MILAN, Italy — A day after admitting involvement in the Spanish doping scandal, Giro d'Italia champion Ivan Basso said he intended to cheat in "a moment of weakness" but never did, and is ready to accept his punishment.
"I have admitted attempted doping only," the Italian rider said at a news conference Tuesday. "I've never taken any doping substance nor undergone any illegal blood transfusions."
Basso said he made contact with a doctor at the heart of the Spanish investigation, Eufemiano Fuentes, and gave him a blood sample with the intention of doping — but never actually did.
"It was a moment of weakness on my part," Basso said. "I accept responsibility and I am ready to face my punishment."
Basso's name was on a list of riders who allegedly had contact with Fuentes, who is accused of running a blood-doping clinic in Madrid.
Basso quit his Discovery Channel team last week after the Italian Olympic Committee reopened an investigation into his alleged or attempted use of a banned substance or method.
Italian cyclist Michele Scarponi admitted involvement in the scandal Tuesday and offered his "full cooperation" to sports authorities, the Italian committee said. Scarponi, who rides for the Acqua & Sapone team, has denied doping and last week offered to take a DNA test.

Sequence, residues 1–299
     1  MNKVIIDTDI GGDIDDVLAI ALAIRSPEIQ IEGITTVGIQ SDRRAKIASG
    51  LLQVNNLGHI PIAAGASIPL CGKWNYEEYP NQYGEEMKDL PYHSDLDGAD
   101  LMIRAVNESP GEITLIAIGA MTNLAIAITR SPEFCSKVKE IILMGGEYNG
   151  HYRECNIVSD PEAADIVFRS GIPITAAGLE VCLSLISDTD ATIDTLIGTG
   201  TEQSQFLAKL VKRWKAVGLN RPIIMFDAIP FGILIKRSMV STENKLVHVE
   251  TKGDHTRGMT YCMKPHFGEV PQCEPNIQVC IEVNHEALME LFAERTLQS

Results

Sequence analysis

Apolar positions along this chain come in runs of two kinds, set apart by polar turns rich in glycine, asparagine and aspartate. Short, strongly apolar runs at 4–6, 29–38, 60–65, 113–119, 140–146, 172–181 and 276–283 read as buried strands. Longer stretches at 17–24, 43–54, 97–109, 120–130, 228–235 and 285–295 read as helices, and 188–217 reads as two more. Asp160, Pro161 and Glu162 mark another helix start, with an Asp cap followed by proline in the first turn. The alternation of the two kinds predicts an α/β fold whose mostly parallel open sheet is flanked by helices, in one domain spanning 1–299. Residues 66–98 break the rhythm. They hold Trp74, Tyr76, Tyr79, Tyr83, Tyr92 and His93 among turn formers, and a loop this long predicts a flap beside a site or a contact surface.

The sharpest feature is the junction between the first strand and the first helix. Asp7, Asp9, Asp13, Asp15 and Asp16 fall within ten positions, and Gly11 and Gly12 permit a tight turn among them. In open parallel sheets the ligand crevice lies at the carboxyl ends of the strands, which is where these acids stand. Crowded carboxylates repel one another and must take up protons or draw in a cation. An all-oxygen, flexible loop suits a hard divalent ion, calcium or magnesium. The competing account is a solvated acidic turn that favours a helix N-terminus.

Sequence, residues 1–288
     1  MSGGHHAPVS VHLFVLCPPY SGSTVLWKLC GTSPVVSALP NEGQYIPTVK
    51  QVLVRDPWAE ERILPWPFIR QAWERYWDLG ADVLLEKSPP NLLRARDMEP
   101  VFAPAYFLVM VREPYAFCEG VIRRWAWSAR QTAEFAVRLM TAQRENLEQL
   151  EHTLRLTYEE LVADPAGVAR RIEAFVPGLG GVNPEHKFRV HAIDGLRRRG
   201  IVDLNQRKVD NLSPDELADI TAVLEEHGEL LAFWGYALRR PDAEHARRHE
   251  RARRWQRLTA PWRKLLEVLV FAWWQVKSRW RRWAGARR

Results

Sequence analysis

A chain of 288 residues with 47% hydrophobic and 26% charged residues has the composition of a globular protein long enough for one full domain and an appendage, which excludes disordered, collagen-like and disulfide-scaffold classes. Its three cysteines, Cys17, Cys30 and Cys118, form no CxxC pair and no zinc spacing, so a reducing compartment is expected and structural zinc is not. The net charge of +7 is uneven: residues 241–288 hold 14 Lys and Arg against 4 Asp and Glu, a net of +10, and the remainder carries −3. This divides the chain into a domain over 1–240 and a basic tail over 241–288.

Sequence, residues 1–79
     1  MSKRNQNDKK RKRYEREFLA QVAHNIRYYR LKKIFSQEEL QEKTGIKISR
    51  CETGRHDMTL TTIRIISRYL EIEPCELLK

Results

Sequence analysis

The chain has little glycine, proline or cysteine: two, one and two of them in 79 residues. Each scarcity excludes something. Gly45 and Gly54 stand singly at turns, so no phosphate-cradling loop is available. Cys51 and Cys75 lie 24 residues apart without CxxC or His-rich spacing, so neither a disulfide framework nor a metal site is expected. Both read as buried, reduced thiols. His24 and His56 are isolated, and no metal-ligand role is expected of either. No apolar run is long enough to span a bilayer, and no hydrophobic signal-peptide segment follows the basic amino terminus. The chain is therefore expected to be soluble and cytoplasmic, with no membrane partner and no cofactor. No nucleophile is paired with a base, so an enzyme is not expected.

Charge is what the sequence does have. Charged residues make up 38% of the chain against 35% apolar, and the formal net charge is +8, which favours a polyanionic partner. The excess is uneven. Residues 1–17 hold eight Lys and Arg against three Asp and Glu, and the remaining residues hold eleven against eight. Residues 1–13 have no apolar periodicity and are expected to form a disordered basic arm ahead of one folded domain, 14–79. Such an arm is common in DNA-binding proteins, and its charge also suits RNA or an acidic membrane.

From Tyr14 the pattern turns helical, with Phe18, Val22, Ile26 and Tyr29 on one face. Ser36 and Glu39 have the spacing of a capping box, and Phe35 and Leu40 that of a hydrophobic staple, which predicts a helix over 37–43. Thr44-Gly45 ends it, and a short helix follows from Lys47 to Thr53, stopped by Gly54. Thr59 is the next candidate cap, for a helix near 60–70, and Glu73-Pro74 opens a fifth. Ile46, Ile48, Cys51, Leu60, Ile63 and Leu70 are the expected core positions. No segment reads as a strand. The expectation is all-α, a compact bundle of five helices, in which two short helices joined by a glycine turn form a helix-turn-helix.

Both riders could be banned for up to two years. Basso said he is confident he will not be stripped of his Giro victory. He already has ruled out defending his title in Italy's top cycling event, which begins Saturday.
"I have been one of the most monitored riders over the last three years," he said. "I have passed every test and am considered one of the models in terms of being a rider who respects the rules," Basso said. "I have never been found guilty of actual doping and everything I have achieved in my career, I have done honestly. For this reason, I am not afraid."
Basso, 29, said the decision to acknowledge involvement was not made under pressure.
"I wasn't brought to my knees with my back against the wall," he said. "I admitted of my own volition."
Spain sports minister Jaime Lissavetzky called Basso's admission "an example of bravery."
"I think Basso has shown that he's not only a great cycling champion, but also a person who knows how to face responsibility," Lissavetzky added. "I congratulate him."
Italian committee president Gianni Petrucci said the disclosure sent a clear message.
"This is the first time a top cyclist has decided to cooperate," Petrucci said. "It is an important signal. It means that the world of cycling is beginning to understand that it is useless to shirk one's responsibilities and that it doesn't pay to play the victim."
Basso said he would not implicate others.
"I can only speak about my own position," he said.